Around the World in 18 Barbers’ Chairs

Sitting in a barber shop in the coastal city of Split, Croatia, I struggled to answer the stylist’s simple question: How long were Shawn and I visiting Croatia? I had learned a smattering of Croatian words, but the names of the months had so far escaped me.

Remembering the calendar hanging above my head – albeit adorned with nude calendar girls – I flipped through the weeks and pointed to a date. As I exposed each month’s voluptuous model, the 70-something barber’s moustache-framed mouth curled into a mischievous grin. However awkward the method, I had satisfied his curiosity. Clearly I was in male territory, though.

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Exploring Santorini’s Caldera and Nea Kameni Volcano

 

The Cycladic island of Santorini effortlessly enchants with its phenomenal landscape that’s replete with sapphire blue water, snow-white architecture, and multicolored mille-feuille-like cliffs. What I found myself equally impressed with – perhaps even more dazzled by – was learning about the powerful geological events that shaped the island 3,600 years ago with the eruption of one of the most powerful volcanoes in recorded times.

With Santorini-as-lost-civilization-of-Atlantis myth theories swirling in our minds, exploring the caldera and the still-active volcanic island of Nea Kameni were at the top of our must-see list. To make our understanding of geological events more complete, we also wanted to see the remnants of the prosperous community at Akrotiri, which was decimated by the volcano. Archaeologists believe that Santorini was once inhabited by a group of people similar to those on nearby Minoan Crete. Some even believe that the nucleus of Atlantis might have been situated in what is now Santorini’s caldera.

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Scenes from Santorini

Often touted as the most picturesque village on the Greek island of Santorini, Oia looks like a terraced wedding cake perched upon the island’s craggy northwestern edges.

With its stunning views of the caldera and surrounding islands, blue and white church domes, and lack of power lines to clutter its panoramas, Oia is a shutterbug’s paradise. Red, white and black volcanic rock decorate curvy footpaths, and there are other delightful elements: whitewashed windmills, fuchsia bougainvillea blooms trailing on buildings, and the occasional mural or quirky shop decoration to inject a bit of whimsy.

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Santorini Wine: From an Eruption to Effervescence

 

“Every act of creation is first an act of destruction.”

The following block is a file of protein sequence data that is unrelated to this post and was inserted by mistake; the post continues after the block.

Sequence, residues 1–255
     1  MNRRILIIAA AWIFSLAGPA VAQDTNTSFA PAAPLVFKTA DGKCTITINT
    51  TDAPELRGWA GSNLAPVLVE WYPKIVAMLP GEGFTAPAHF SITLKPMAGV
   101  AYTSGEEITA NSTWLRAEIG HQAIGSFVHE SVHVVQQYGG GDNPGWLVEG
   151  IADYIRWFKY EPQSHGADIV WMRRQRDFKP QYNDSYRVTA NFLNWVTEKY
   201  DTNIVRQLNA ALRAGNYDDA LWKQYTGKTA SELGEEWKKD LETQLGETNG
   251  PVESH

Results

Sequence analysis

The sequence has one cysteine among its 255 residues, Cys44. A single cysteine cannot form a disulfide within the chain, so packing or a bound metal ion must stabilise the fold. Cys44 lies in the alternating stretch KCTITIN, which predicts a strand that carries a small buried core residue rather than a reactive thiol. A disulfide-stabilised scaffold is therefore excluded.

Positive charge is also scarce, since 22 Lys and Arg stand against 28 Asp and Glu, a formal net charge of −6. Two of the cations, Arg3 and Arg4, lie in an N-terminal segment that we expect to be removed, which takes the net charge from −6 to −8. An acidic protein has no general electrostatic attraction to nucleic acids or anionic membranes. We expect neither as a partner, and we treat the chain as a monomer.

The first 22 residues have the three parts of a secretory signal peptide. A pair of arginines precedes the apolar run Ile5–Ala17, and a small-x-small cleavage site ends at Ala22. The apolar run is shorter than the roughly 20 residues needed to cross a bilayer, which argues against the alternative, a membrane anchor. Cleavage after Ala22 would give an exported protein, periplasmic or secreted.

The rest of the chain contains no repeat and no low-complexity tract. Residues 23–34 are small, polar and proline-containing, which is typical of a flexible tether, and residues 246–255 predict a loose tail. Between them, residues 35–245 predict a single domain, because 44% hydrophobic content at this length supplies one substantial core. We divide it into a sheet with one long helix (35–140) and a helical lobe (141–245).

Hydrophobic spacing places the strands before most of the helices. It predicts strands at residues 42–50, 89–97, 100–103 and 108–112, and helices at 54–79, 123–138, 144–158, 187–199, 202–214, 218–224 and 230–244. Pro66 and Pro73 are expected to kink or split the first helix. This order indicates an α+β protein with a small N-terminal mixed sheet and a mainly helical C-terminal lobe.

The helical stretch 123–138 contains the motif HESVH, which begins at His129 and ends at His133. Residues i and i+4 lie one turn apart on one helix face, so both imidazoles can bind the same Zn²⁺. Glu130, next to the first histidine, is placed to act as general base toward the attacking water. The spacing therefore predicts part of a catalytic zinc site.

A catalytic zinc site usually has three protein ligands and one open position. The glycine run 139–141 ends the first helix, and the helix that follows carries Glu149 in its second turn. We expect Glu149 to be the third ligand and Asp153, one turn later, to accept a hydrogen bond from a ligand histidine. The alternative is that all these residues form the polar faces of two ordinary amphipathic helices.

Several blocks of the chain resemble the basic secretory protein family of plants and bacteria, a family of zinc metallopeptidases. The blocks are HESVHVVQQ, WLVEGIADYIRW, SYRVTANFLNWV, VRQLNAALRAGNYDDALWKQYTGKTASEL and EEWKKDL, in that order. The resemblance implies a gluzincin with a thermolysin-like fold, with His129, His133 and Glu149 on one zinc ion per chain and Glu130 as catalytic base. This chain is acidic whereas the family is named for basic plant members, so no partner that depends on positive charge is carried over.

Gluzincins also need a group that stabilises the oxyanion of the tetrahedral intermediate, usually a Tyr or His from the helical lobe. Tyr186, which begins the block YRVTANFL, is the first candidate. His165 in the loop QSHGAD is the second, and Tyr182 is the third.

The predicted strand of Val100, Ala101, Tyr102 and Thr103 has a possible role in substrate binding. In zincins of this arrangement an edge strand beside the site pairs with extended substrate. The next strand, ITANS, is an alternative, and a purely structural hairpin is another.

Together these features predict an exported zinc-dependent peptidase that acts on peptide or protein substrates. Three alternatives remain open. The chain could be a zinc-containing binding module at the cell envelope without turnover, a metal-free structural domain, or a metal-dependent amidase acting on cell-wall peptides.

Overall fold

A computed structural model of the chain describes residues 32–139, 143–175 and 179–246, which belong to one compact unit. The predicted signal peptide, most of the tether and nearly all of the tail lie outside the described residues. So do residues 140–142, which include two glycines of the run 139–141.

– Pablo Picasso

Each year, nearly half a million visitors flock to striking Santorini. Many come to the legendary Greek island in search of black and red beaches, cool-blue infinity pools, and rugged cliffs speckled with whitewashed buildings. And many, I suspect, are unaware of the island’s intriguing and violent geological history, which shaped its tantalizing cuisine and its unique viticulture. During the last of our ten nights in this paradise of the Aegean, we’d learn about the latter offering, tasting 15 Santorini wines on an excursion with Santorini Wine Tour.

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Sunrise, Sunset on Santorini

 

Santorini days are bookmarked by some of the most majestic sunrises and sunsets I have ever seen. During the ten marvelous days we spent on this legendary Greek island, our only task was just to decide how to spend the time in between. And so we filled our agenda with a cooking class, learning how to make Cold Tomato Soup with Cheese ‘Ice Cream’ and Santorini Fava. We swirled glasses of mineral-rich Assyrtiko and Athiri wine; and in hot springs, we washed off the volcanic soil we’d picked up on our feet during a promenade on a still-active volcano. We also whipped up Greek-inspired meals in our studio apartment, strolled lanes in quieter villages like Firostefani and Imerovigli, and soaked up the island’s fascinating history through visits to the Akrotiri archaeological site, and prehistoric museum which is studded with Akrotiri finds. (Akrotiri is known as the ‘Minoan Pompeii’ and predates Pompeii by more than 1,500 years.)

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Photo du Jour: The Santorini Donkey

 

A donkey, decked out in colorful beads and an evil-eye amulet, awaits the day’s passengers on the stairs leading up to the village of Fira, on the island of Santorini. When visitors arrive to Santorini’s Old Port via cruise ship or boat, they have three ways to make it up to the town of Fira: climb the almost 600 stairs, ride a donkey (5 €  one way), or ride the cable car  (4 € one way). Riding a donkey is controversial – animal rights organizations and some visitors say it is cruel, whereas the local government assures visitors, via signs posted at the port, that the animals are well-cared-for by veterinarians and offered regular periods of rest.

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Photo du Jour: The Greek Sun-Bathing Dog

 

Early mornings on Santorini, Greece belong to the villages’ canines.

Out of their villas’ twisted iron gates they trot, in search of the perfect whitewashed surface on which to soak up the sunshine.

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